The cloud has arrived, and it is here to stay. If you have not already moved your infrastructure, applications, and data to the cloud, you could be falling behind your competition. Here, we will explain why enterprises should move to the cloud, what steps needed for a successful cloud migration, what insights that will make your cloud migration journey easier, why mapping dependencies will limit the difficulties of the move, and how to migrate and validate to ensure that you have done it right the first time.
Why You Should Migrate to the Cloud
You might ask: Why would a company want to deploy its data, servers, assets applications, or any other assets in the cloud? If your IT infrastructure has always been on premise, it can seem like a lot of hard work to move to a cloud infrastructure – especially when the results might be uncertain.
While no one can predict the future, there is a reason why cloud adoption has been such a success for businesses in industries ranging from finance to healthcare to banking to technology. Some of the top benefits include:
Cost reduction and scalability. Hardware and infrastructure are expensive both in the cloud and on premise. But with the cloud, you can leverage your cloud provider’s expertise and economies of scale by easily adding or deleting resources as necessary. This is especially true for businesses that experience regular peaks and valleys in terms of traffic and data – they can get so much more out of the cloud as opposed to on-premise architectures. The cloud allows companies to scale up and down computing power and storage as necessary, paying for only what they use.
Automation. There is an ever-growing list of technical, financial, and administrative tasks that are challenging to many businesses, and the cloud can automate many of these. Imagine updating software, maintaining infrastructure, and upgrading servers to keep them up to date – all this can be handled on the cloud externally.
Security. In today’s complex attack landscape, data protection is one of the most essential elements of any business. In case of threat or natural disaster, the cloud maintains your data in a secure location, protected by backups and supported to ensure business continuity. The data is available anywhere, thereby supporting collaboration and productivity at any and all times.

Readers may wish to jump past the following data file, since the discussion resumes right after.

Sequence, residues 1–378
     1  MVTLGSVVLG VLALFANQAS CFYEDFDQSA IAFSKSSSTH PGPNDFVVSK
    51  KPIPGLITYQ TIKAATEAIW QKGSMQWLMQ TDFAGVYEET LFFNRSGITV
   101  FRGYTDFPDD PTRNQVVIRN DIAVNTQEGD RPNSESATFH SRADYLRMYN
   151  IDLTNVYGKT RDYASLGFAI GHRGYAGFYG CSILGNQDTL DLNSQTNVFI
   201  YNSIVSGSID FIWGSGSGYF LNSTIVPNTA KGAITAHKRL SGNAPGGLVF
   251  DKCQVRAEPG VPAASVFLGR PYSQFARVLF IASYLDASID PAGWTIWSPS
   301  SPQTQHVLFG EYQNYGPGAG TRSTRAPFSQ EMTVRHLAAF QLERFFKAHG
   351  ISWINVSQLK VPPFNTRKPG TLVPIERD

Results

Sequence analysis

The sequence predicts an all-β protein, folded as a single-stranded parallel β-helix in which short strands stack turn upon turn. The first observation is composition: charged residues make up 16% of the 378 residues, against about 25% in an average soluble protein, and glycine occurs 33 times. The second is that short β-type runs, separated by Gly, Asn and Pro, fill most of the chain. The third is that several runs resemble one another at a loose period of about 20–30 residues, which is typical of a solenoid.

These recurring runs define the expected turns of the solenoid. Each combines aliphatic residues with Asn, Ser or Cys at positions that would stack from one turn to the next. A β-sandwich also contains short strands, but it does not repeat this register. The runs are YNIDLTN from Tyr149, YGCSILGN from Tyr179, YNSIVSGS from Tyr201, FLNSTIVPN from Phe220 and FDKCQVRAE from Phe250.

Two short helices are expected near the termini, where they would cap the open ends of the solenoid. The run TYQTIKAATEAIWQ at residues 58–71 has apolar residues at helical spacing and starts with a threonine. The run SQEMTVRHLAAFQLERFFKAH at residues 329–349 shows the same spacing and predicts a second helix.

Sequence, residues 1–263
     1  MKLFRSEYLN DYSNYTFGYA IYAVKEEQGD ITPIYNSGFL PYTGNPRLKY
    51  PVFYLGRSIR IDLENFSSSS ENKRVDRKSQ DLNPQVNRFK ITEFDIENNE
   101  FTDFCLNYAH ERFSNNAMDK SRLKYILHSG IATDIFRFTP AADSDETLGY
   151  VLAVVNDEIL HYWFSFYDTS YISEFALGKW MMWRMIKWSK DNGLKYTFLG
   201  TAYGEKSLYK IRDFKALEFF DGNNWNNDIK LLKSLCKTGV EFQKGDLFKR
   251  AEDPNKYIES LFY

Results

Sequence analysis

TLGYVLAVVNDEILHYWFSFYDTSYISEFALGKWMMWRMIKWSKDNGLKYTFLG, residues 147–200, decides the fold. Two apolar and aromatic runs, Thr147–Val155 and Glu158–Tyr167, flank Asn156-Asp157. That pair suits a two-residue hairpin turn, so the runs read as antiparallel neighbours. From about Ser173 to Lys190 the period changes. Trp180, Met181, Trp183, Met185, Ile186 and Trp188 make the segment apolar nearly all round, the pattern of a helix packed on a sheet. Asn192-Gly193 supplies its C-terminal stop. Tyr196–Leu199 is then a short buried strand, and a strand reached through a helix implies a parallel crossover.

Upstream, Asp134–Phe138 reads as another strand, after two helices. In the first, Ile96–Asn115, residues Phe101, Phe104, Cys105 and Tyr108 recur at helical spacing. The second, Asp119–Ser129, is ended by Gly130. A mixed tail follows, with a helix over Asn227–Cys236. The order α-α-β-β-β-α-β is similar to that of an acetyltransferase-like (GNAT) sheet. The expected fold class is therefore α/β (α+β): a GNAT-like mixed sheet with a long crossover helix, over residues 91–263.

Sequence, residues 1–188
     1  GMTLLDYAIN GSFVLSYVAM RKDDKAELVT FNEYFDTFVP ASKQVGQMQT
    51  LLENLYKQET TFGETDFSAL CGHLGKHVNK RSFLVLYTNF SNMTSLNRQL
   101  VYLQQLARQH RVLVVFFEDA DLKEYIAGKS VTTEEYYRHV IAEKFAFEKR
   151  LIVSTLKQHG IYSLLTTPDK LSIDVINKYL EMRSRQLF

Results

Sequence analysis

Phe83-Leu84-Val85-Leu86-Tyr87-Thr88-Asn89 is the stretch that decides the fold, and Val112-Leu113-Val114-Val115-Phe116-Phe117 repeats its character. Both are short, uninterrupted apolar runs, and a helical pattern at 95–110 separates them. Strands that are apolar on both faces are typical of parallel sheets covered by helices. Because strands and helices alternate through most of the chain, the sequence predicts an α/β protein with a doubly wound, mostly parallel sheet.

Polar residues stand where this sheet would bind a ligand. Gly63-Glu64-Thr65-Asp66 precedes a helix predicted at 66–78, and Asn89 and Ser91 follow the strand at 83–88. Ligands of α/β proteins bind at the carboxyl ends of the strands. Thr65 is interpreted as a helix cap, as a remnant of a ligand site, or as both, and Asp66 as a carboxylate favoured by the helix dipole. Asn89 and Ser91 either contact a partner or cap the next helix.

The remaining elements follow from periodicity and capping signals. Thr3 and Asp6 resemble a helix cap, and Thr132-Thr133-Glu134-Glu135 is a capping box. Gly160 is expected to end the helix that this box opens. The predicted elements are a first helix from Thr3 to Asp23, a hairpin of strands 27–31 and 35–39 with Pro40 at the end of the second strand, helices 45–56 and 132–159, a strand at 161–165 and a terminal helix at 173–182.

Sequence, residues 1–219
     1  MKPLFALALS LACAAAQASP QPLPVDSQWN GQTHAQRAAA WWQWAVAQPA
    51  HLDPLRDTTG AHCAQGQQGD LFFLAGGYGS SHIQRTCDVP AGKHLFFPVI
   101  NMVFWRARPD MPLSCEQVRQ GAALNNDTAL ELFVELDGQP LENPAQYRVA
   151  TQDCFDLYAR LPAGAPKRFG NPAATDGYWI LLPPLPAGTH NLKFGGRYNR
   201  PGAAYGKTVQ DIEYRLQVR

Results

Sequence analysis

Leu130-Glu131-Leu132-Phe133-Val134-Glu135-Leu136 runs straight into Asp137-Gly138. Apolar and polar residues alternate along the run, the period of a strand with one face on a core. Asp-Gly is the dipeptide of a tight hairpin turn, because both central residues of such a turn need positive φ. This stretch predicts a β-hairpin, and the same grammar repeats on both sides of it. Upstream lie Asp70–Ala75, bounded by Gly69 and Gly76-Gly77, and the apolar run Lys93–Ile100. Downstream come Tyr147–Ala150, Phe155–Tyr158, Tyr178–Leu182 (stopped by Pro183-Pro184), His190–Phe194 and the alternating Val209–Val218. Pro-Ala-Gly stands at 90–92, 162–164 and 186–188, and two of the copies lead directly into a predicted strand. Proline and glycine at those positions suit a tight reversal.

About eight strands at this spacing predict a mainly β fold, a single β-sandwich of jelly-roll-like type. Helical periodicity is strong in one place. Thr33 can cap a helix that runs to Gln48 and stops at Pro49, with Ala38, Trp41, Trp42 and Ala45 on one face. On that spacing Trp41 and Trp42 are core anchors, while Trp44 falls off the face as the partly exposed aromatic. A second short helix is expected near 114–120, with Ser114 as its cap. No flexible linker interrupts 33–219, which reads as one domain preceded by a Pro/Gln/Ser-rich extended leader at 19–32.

How to Change Your Mindset for Cloud Success
A move to the cloud is about more than just the location of your servers, applications, or data. For most successful enterprises, it is also about a shift in mindset – and getting your employees on board is an essential part of cloud adoption.
The transition to the cloud, for example, can be leveraged to strengthen your company’s DevOps mindset. DevOps is a set of practices that combines software development (dev) and IT operations (ops) to shorten the systems development life cycle while still providing high software quality.
DevOps utilizes principles from the agile software development methodology including a never-ending cycle of planning, coding, building, testing, releasing, deploying, operating, and monitoring. Like software development using DevOps, the cloud journey is not one that has a clear start and end. Instead, it feeds and nurtures a company’s culture of continuous improvement and change, with the cloud being the vehicle for success.
Unsuccessful cloud migrations frequently start in a siloed manner, advanced by key staff members but without a strong business plan or cloud expertise in place (as exemplified by a center-of-excellence). Successful migrations begin with planning, the explanation of the need for change and the benefits to the broader organization, and the development of a core team that can lead the change and communicate progress to the entire business. Quick wins to establish morale as well as full transparency are critical success factors.
(Note: Faddom is hybrid application dependency mapping software that maps your entire on-premise and cloud IT environments in as little as 60 minutes. Learn more here!)
A Checklist for Starting a Successful Cloud Migration
After you know your current infrastructure metrics, then it is possible to measure the success of your cloud migration. Start by compiling a complete view of your on-premise or hybrid performance and mapping it to relevant KPIs (key performance indicators) to establish and track versus your cloud performance in terms of things including page load times, CPU usage, availability and response, conversion times or churn rate, and cost. Metrics should cover different categories such as infrastructure, application performance, and end-user experience or customer satisfaction.
“Lift and Shift” or Re-Architect?
Once you have strong visibility into your current IT architecture, you can sort through your applications and decide which, how, and when to migrate. Some can be moved as is – this is commonly known as “lift and shift” (or, in AWS parlance, the “forklift migration strategy”). This works well for self-contained applications without dependencies, tightly coupled applications, or stateless applications in which client data generated in one session is not saved for the next session with the client.